Can Math Class Nurture Creativity?

Everyone is born creative. And then somewhere down the line, many lose sight of it. In his classic Ted Talk, Do Schools Kill Creativity,  Sir Ken Robinson says, “We don’t grow into creativity, we grow out of it…we’re educated out of it.” Innovation and creativity rank among the highest in the soft skills needed by today’s work force. And yet far too many of our students experience factory-model education rather than classrooms that inspire “original ideas that have value.” What can we do about this in our math classes?

Imagine yourself walking into a fourth-grade classroom. Take a snapshot of that very first moment…The children watch quietly as the teacher explains that today they are going to learn how to convert measurement units. In that moment, what do you notice? What are you wondering?

The first thing I wonder is, “Where is she going to go with this – direct instruction or inquiry?” This lesson may go in many directions…anywhere from mechanical arithmetic conversions to interpreting the classroom world through the lens of linear measurement. My hope is the latter – that she will invigorate her students by using creativity as means of engagement.

How might we bring a creative flair into our math classes? Here are three ways I’m seeing teachers making math more playful and relevant:

Noticing and Wondering

This approach encourages students to engage in question-posing and creative thinking. To get started, pose a problem and ask the students, “What do you notice…what do you wonder?” Students discuss/record their thoughts prior to further instruction. For our teacher above, she may write 1, 10, 100, 1000 on the board and ask her students to discuss and/or record what they notice and what they wonder about the relationships among these numbers. For a more detailed explanation of Noticing and Wondering, check out this two-page description from The Math Forum.

Three-Act Tasks

These tasks provide amazing opportunities for students to enter the problem-solving process from a high-interest, open-ended perspective. Each task begins with a video or a picture of something in the real world (related to your math goal), followed by a related math question. For a bank of terrific, free, ready-to-go, three-act tasks for grades K-8, check out Graham Fletcher’s or Robert Kaplinsky’s The originator of Three-Act Tasks, Dan Meyer, also provides a rich library of middle- and high-school tasks.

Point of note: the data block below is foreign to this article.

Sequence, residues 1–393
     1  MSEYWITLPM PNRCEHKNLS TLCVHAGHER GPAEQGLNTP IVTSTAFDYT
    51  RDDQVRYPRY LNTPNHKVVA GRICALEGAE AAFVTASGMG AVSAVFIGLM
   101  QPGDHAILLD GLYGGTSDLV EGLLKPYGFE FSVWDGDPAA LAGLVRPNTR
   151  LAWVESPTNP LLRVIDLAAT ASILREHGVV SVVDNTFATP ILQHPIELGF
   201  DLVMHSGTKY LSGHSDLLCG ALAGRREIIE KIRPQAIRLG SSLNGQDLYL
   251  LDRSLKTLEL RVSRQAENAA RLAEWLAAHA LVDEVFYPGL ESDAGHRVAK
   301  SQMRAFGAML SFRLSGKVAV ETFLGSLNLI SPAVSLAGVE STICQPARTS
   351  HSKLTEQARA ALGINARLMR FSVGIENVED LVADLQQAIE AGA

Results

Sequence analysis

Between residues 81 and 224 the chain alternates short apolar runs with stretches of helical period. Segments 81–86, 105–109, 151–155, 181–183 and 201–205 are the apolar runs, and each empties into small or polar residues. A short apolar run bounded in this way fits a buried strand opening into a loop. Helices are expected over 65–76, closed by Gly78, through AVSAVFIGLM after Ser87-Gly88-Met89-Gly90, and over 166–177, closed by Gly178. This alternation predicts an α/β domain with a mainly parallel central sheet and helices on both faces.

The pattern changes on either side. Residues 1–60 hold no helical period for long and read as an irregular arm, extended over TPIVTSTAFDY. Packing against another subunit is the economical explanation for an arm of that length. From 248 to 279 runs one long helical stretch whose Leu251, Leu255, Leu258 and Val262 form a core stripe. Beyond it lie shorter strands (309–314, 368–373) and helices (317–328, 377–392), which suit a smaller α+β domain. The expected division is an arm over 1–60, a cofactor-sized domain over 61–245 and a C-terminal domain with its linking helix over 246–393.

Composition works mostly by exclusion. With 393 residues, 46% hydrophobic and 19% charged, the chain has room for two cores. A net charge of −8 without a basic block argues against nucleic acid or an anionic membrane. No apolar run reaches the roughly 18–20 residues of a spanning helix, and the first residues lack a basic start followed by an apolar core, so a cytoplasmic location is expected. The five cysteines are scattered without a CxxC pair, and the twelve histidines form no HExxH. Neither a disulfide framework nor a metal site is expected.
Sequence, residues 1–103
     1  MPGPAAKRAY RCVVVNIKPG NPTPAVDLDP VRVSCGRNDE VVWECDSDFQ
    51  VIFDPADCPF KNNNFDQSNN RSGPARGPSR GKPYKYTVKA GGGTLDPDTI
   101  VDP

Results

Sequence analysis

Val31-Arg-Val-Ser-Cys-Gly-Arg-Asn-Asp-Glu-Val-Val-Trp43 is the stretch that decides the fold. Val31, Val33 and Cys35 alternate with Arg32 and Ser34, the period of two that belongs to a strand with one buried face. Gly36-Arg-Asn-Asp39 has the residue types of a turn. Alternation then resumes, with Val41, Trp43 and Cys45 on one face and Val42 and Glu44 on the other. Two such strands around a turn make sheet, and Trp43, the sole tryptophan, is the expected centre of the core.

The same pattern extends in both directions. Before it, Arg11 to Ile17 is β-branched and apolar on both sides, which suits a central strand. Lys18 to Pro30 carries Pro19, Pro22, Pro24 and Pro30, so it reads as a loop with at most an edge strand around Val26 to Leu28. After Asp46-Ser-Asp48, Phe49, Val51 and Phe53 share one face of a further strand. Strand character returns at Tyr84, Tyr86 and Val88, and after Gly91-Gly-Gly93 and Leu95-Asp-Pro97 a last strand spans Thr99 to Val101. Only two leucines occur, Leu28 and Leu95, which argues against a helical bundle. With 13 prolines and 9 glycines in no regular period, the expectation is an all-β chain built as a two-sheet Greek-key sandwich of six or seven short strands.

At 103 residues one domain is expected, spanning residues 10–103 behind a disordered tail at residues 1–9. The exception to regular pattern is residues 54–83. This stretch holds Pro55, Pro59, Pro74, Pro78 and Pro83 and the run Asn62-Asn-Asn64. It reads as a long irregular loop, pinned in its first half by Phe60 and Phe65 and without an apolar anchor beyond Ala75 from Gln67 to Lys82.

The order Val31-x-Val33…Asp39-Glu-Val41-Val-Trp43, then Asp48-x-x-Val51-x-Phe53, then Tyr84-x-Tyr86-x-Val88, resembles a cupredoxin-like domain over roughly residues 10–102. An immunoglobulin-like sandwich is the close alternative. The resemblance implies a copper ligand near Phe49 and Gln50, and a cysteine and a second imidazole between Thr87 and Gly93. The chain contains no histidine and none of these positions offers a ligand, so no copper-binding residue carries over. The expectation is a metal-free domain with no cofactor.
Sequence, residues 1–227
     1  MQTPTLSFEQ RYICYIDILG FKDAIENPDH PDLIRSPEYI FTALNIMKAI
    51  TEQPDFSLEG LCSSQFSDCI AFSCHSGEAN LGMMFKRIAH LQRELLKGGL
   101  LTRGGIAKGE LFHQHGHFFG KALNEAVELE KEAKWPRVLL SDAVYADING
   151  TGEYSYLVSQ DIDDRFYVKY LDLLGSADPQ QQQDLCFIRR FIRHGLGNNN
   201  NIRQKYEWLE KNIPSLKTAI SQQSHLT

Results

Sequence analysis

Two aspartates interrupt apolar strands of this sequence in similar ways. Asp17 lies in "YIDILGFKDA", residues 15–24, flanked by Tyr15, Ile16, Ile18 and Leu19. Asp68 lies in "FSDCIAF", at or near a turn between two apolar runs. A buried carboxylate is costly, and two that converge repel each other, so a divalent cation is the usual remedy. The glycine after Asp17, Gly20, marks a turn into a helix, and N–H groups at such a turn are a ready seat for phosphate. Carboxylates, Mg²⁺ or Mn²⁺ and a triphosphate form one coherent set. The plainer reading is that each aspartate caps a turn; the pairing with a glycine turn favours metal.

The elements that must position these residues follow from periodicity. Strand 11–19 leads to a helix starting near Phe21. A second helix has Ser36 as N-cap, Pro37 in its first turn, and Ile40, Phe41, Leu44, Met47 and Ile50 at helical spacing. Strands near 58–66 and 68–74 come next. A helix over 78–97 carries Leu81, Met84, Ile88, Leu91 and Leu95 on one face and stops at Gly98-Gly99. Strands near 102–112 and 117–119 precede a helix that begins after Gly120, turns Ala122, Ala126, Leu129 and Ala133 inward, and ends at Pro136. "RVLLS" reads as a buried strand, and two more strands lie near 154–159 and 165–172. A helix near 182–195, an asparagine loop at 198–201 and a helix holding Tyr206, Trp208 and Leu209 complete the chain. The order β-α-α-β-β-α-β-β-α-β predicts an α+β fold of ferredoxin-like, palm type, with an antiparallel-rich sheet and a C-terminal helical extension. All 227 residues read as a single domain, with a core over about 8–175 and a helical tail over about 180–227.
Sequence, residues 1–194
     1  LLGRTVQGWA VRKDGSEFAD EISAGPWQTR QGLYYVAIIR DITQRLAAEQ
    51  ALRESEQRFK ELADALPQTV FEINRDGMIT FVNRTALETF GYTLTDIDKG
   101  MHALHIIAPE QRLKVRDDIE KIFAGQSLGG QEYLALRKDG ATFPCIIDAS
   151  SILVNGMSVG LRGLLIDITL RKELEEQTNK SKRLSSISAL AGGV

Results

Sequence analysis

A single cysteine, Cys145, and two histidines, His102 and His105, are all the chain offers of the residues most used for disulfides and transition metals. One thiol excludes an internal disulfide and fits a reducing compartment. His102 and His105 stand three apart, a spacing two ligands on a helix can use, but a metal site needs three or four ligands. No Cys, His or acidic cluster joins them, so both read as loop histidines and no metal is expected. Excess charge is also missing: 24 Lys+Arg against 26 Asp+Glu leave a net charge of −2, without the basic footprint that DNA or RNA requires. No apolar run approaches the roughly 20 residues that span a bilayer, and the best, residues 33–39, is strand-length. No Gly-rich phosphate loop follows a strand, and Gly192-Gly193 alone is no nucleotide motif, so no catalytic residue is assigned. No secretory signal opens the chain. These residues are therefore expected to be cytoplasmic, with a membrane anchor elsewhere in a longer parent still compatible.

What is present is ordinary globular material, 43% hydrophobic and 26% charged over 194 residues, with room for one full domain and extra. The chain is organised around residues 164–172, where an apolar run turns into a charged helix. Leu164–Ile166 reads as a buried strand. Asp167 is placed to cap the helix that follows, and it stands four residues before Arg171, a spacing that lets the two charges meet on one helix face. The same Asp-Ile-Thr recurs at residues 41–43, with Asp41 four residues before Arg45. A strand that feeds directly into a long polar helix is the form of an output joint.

Write Me a Story

This strategy allows students to pull math into contexts of their own. Begin by posting a true equation, and have the students write a story that includes each term in the equation as well as the operational action(s). For example, you may post the headline “13 x 100 = 1300” and ask your students to write a story that includes all of these terms and the action of multiplication. Students will write from a variety of contexts, reacquainting themselves with the behavior of multiplication. In the case of our example above, the teacher could lean into a student’s story to shift the class’s thinking toward metric unit conversion.

What are your thoughts about using math class to nurture creativity? Please share your ideas by leaving a comment below.

Kimberly Rimbey, Ph.D., works with teachers and leaders to develop system-wide change in mathematics teaching and learning.


Leave a comment below.
  • Sometimes I like to pose a contextual problem that students would solve using the skills of the day’s topic – this would be prior to ever teaching the skill (for example, how to convert units). I ask students to “muck around” with the problem – use drawings, manipulatives, anything that might help to solve it. I actually hope they get stuck, because now I have created the need to learn the math! If they can solve it, then I only need to do some consensus building and bringing ideas together, and not belabor teaching the topic. Students also often come up with very creative solution paths.

    • Kimberly Rimbey, Ph.D :

      Great idea! I call this “flipping the lesson,” meaning we present the word problem at the beginning rather than the end of the lesson.. A while back, I asked 5th graders to solve a problem that involved division of numbers with decimal fractions, a skill we had not yet developed. Once they figured out what needed to be done, they correctly used an incredible array of strategies, none of which included the standard algorithm. It was amazing!

  • I also like to begin class with an exploratory activity of some kind. With the example of converting units for example, giving blocks, paper clips, rulers and meter sticks and asking students to figure out how to get from one unit to another and generalizing the process would be one example.

  • Michele Garlit :

    I have used the headline and story writing when introducing order of operations in middle school. Multiple operators and grouping symbols allow for some pretty interesting stories.

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